Decades of Child Sexual Abuse by Catholic Clergy in Illinois Detailed in New Report by State Attorney General

The report is the latest by a state detailing years of child sexual abuse by Catholic priests

The Illinois state Attorney General has released a new report which outlines decades of problems with child sex abuse by Catholic clergy in the state, identifying more than 450 priests and other individuals associated with the Catholic Church that have been accused of abusing nearly 2,000 children since 1950.

The Illinois Catholic clergy child sex abuse report was released on Tuesday by Illinois Attorney General Kwame Raoul, announcing the results of an investigation launched in 2018.

The findings come amid growing evidence of widespread abuse and misconduct by Catholic clergy, and only a few weeks after a similar report on Maryland child sexual abuse in the Baltimore Archdiocese was released.

Raoul noted in a press release that before the investigation, the six Catholic dioceses of Illinois publicly disclosed a list of 103 substantiated child sex abuses. The new report raises that number to 451 clergy and religious brothers who are believed to have abused 1,997 children across the state over the last seven decades.

“Decades of Catholic leadership decisions and policies have allowed known child sex abuses to hide, often in plain sight,” Raoul said in the press release. “And because the statute of limitations has frequently expired, many survivors of child sex abuse at the hands of Catholic clerics will never see justice in a legal sense. It is my hope that this report will shine light both on those who violated their positions of power and trust to abuse innocent children.”

The report calls on the Illinois dioceses to improve survivor care and communications, how it investigates and determines abuses happened, its disclosure and transparency policies, as well as to improve efforts of mediation and compensation.

On May 18, the Illinois Catholic Dioceses released a statement in response to the report, detailing their current processes for handling allegations of sexual abuse by minors by members of the clergy.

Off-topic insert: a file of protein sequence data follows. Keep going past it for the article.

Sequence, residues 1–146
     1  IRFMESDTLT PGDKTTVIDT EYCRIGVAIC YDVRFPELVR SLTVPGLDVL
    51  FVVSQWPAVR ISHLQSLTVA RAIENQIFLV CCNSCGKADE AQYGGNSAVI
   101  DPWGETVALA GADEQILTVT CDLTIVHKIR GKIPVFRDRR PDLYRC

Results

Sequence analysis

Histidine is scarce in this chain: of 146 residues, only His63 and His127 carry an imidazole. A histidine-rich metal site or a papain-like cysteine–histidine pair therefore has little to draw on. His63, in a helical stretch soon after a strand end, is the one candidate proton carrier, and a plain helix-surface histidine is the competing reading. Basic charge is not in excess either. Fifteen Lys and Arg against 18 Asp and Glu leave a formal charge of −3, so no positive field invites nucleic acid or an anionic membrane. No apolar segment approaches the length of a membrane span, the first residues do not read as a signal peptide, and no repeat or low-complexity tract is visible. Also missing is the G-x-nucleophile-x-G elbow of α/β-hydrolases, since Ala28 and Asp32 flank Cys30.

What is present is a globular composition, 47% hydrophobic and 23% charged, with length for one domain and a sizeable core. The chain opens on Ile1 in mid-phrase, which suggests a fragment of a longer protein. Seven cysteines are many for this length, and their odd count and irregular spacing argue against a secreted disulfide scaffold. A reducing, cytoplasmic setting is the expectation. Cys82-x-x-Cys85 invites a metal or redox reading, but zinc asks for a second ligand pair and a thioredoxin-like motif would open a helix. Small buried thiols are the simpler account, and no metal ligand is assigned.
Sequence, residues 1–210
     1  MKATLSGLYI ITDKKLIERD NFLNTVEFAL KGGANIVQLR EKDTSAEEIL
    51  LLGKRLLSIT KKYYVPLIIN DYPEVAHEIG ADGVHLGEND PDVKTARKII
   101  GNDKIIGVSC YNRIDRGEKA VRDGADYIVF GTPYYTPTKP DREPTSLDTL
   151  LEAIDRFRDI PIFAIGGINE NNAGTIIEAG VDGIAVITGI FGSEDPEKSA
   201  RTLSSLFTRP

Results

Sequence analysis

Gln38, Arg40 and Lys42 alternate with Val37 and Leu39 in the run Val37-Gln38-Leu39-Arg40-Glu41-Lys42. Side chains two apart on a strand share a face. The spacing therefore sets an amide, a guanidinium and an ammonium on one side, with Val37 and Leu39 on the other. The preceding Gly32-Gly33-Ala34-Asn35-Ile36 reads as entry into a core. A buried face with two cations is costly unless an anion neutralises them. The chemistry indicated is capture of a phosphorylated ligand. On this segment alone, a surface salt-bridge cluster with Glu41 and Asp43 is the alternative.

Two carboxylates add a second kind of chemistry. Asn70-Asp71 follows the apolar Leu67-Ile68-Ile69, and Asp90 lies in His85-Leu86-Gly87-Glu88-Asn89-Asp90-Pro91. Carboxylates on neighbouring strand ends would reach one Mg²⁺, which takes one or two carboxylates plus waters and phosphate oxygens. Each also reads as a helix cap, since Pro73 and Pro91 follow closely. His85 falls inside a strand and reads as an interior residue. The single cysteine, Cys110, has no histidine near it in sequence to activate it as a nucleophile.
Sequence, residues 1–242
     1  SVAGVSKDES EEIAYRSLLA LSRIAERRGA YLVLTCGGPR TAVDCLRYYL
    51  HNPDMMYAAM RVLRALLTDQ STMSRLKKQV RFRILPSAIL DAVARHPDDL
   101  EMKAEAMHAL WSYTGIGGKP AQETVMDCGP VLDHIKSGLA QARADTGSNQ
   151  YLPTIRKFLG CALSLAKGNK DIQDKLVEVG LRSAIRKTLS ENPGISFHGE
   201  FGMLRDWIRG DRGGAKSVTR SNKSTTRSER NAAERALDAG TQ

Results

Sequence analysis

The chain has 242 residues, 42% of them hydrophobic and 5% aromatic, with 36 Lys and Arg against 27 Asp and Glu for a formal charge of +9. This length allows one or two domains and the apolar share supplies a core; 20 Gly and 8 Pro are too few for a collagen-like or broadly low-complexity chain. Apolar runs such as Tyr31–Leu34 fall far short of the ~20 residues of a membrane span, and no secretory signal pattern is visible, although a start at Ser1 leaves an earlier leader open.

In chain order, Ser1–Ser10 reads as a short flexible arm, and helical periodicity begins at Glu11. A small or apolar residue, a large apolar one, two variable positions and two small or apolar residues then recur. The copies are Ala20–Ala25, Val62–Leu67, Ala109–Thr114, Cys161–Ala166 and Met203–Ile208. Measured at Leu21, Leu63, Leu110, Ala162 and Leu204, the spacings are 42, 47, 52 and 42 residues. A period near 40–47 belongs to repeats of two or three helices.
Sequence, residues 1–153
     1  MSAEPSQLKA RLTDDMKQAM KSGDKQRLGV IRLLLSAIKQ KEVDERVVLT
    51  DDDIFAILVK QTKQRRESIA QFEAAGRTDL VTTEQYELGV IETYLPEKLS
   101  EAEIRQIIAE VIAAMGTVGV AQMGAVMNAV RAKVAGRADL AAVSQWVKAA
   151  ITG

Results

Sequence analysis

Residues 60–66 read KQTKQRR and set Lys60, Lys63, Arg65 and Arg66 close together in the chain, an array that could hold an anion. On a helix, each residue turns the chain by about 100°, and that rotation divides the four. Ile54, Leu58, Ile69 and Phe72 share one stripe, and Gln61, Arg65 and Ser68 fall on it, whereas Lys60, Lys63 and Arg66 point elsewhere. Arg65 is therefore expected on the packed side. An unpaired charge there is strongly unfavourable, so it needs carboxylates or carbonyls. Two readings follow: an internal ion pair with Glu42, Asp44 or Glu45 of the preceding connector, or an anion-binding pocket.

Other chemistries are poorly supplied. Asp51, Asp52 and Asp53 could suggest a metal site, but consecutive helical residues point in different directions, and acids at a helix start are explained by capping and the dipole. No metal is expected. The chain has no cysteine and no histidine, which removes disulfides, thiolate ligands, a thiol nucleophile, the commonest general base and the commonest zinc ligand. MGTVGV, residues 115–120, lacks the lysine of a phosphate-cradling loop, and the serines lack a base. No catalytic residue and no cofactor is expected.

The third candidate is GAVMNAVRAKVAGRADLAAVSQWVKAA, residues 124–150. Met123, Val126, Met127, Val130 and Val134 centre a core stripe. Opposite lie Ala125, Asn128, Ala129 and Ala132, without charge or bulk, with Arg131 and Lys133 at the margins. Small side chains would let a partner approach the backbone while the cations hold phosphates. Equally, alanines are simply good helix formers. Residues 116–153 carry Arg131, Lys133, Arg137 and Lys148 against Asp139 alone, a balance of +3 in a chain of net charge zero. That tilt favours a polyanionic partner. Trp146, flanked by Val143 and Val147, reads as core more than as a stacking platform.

“Over the past four years, the Illinois dioceses have worked with the Office of the Illinois Attorney General to improve the transparency and effectiveness of their policies,” the dioceses said in the statement. “Prompted by the Attorney General’s investigation, the dioceses have critically reviewed current policies and implemented certain recommended changes to their existing reporting to the public to further increase transparency.”

Statutes of Limitations Prevent Prosecutions and Civil Lawsuits

While a growing number of states have recently passed laws which temporarily or permanently set aside statute of limitation laws to allow abuse survivors to file civil suits against abusers. However, there are no such laws or proposed legislation to do so in Illinois.

After a two year window in the New York child sex abuse statute of limitations was opened in 2020, tens of thousands of claims were brought against the Boy Scouts, Catholic Church and other entitles throughout the state. The Buffalo Diocese alone had at least 230 Catholic priests accused of sexually abusing minors, with eight specific priests accounting for more than 1,000 lawsuits filed in that part of the state.

While statute of limitations laws have also been enacted in a number of other states, including New Jersey, California and Louisiana, other states are still debating similar bills that would allow survivors to hold abusers and entities that enabled their conduct accountable.

Most recently, Maryland passed a new law completely abolishing the statute of limitations for civil lawsuits against accused child sexual abusers following the release of a similar report in that state. The Catholic dioceses of Maryland are expected to challenge the constitutionality of the law in state court, but hundreds of survivors are already coming forward to pursue claims and hold the church and leadership accountable for decades of covering up credible claims.

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